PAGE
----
AbstractShipboard measurements of velocity and density were obtained in the vicinity of a small channel in the Mendocino Ridge, where flows were predominantly tidal. Measured daily inequalities in transport are much greater than those predicted by a barotropic tide model, with the strongest transport associated with full depth flows, and the weakest with shallow, surface-confined flows. A regional numerical model of the area finds that the subinertial K1 (diurnal) tidal constituent generates topographically trapped waves which propagate anticyclonically around the ridge, and are associated with enhanced near-topographic K1 transports. The interaction of the baroclinic trapped waves with the surface tide produces a tidal flow whose northward transports alternate between being surface confined and full depth. Full depth flows are associated with the generation of a large amplitude tidal lee wave on the northward face of the ridge, while surface confined flows are largely nonturbulent. The regional model demonstrates that, consistent with field observations, near-topographic dissipation over the entire ridge is diurnally modulated, despite the semidiurnal tidal constituent having larger barotropic velocities. We conclude that at this location it is the bottom-trapped subinertial internal tide that governs near-topographic dissipation and mixing. The effect of the trapped wave on regional energetics is to increase the fraction of converted barotropic-baroclinic tidal energy that dissipates locally.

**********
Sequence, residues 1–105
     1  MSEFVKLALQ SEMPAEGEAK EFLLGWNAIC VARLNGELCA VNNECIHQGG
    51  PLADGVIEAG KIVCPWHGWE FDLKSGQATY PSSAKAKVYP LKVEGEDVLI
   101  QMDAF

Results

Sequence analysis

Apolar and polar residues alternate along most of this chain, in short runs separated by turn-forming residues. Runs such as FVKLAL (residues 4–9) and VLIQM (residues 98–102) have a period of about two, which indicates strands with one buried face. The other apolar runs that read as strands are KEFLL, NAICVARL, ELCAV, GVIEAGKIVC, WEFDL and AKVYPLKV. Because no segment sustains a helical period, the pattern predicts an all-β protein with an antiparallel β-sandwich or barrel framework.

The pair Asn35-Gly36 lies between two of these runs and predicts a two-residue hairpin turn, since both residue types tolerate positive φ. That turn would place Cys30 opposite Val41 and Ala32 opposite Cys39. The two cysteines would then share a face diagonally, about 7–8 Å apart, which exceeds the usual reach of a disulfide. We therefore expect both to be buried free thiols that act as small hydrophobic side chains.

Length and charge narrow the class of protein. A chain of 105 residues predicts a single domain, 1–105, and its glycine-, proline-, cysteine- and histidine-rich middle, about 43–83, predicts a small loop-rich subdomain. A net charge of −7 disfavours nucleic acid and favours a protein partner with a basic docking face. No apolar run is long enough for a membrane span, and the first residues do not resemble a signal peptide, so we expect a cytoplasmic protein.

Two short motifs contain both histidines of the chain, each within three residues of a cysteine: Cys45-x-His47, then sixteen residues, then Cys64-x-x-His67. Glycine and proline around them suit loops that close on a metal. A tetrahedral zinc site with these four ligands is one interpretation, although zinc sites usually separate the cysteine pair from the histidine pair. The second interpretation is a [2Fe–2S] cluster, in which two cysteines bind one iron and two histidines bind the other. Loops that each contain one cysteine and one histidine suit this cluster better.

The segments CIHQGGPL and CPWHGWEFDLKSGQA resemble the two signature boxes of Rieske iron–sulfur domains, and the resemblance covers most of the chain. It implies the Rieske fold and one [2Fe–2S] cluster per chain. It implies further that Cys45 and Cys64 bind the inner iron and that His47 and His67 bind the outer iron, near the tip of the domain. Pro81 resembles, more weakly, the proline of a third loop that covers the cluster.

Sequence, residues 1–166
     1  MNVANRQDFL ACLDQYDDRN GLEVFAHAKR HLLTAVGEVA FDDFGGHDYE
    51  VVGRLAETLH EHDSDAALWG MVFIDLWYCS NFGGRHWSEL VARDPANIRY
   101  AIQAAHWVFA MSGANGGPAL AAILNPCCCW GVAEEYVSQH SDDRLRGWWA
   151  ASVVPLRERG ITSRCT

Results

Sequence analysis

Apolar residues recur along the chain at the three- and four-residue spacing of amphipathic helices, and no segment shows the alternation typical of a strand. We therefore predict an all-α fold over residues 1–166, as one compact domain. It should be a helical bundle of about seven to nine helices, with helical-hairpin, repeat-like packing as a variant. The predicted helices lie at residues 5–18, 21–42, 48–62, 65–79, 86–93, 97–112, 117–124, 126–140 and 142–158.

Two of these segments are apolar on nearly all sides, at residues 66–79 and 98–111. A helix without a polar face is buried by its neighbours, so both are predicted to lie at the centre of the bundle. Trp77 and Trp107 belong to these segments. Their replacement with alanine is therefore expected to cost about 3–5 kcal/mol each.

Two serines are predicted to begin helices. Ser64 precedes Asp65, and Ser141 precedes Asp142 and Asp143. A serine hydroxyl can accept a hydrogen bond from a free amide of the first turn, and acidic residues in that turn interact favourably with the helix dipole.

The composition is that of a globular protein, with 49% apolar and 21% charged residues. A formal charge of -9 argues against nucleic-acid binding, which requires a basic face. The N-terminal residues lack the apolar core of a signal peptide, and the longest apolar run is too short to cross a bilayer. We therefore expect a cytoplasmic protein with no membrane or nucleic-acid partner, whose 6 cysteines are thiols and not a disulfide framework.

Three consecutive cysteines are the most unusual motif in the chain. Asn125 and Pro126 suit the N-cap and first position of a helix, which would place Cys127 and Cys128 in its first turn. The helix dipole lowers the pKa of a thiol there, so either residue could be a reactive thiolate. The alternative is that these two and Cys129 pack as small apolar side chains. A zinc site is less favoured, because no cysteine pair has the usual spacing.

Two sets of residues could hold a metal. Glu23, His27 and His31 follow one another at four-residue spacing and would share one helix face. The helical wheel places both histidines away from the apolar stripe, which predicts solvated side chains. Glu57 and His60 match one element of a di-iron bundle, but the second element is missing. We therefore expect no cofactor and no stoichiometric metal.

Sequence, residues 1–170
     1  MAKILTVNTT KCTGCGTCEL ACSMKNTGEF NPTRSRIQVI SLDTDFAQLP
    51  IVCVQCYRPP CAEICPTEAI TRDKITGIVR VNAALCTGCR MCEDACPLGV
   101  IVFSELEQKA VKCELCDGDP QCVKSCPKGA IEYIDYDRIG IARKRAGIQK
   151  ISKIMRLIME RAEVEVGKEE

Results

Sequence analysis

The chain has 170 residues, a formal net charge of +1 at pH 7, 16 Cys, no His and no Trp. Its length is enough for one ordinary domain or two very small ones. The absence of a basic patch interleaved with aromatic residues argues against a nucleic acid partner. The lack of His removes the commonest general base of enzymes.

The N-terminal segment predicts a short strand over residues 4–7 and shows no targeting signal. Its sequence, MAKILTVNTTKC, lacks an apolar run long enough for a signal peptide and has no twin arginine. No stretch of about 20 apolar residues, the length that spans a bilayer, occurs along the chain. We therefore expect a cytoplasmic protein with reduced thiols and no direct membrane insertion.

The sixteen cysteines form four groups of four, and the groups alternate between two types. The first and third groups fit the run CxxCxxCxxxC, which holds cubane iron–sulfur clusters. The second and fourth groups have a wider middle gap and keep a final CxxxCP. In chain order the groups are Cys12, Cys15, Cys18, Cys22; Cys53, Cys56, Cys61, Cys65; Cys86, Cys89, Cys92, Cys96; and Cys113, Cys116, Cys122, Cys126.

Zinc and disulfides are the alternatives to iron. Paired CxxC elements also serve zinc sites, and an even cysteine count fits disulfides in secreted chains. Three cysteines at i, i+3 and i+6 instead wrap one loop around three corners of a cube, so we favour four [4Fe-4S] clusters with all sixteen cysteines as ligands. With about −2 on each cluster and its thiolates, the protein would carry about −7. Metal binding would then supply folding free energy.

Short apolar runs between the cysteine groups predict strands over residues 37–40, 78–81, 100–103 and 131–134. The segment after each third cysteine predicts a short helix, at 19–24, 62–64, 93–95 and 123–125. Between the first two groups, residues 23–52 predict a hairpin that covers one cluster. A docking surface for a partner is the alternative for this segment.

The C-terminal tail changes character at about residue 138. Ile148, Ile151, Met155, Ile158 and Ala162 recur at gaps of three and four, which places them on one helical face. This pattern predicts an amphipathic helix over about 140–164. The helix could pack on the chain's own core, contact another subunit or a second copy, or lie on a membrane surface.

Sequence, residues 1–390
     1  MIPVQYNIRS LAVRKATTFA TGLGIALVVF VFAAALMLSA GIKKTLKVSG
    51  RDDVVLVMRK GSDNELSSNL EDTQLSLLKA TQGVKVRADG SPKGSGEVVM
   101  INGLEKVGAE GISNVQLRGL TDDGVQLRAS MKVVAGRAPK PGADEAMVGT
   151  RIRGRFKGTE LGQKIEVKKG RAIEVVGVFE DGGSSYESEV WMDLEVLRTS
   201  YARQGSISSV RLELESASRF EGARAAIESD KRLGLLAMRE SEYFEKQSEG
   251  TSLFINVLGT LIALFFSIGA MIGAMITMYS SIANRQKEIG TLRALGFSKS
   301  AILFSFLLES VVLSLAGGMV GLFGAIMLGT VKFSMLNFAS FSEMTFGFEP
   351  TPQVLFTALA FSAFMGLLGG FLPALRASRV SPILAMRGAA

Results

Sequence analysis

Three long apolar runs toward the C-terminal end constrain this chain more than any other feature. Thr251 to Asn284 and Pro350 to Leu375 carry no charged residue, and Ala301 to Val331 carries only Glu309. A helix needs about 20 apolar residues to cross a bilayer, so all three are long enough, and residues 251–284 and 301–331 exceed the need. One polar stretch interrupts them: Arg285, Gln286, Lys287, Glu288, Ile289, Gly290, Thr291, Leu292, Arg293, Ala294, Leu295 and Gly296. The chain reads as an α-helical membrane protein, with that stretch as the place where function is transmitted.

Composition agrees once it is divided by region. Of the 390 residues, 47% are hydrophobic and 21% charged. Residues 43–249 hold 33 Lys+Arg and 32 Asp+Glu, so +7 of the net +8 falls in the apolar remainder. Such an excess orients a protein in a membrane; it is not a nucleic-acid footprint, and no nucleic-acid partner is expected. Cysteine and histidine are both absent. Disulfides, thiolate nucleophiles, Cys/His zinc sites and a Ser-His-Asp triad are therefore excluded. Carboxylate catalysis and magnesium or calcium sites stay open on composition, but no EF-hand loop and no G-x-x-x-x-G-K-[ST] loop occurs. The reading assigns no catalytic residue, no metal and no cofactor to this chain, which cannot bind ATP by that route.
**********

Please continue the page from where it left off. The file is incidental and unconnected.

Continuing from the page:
Journal of Physical Oceanography – American Meteorological Society
Published: Jun 20, 2017
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